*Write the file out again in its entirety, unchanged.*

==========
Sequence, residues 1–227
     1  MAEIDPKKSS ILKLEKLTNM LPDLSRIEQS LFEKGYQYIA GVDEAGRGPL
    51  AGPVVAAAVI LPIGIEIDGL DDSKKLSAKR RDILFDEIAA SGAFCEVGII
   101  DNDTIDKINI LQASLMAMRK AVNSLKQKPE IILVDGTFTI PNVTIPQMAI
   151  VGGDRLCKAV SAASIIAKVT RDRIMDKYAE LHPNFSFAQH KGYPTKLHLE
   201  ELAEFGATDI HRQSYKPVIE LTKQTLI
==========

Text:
Sequence, residues 1–227
     1  MAEIDPKKSS ILKLEKLTNM LPDLSRIEQS LFEKGYQYIA GVDEAGRGPL
    51  AGPVVAAAVI LPIGIEIDGL DDSKKLSAKR RDILFDEIAA SGAFCEVGII
   101  DNDTIDKINI LQASLMAMRK AVNSLKQKPE IILVDGTFTI PNVTIPQMAI
   151  VGGDRLCKAV SAASIIAKVT RDRIMDKYAE LHPNFSFAQH KGYPTKLHLE
   201  ELAEFGATDI HRQSYKPVIE LTKQTLI